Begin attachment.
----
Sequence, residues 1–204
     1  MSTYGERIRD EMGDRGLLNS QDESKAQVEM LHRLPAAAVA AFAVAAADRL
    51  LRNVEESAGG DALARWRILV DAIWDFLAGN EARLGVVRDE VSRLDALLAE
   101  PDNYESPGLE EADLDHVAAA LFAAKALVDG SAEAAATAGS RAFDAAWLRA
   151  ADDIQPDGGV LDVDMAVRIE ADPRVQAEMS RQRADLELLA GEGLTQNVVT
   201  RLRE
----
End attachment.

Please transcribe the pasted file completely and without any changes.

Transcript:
Sequence, residues 1–204
     1  MSTYGERIRD EMGDRGLLNS QDESKAQVEM LHRLPAAAVA AFAVAAADRL
    51  LRNVEESAGG DALARWRILV DAIWDFLAGN EARLGVVRDE VSRLDALLAE
   101  PDNYESPGLE EADLDHVAAA LFAAKALVDG SAEAAATAGS RAFDAAWLRA
   151  ADDIQPDGGV LDVDMAVRIE ADPRVQAEMS RQRADLELLA GEGLTQNVVT
   201  RLRE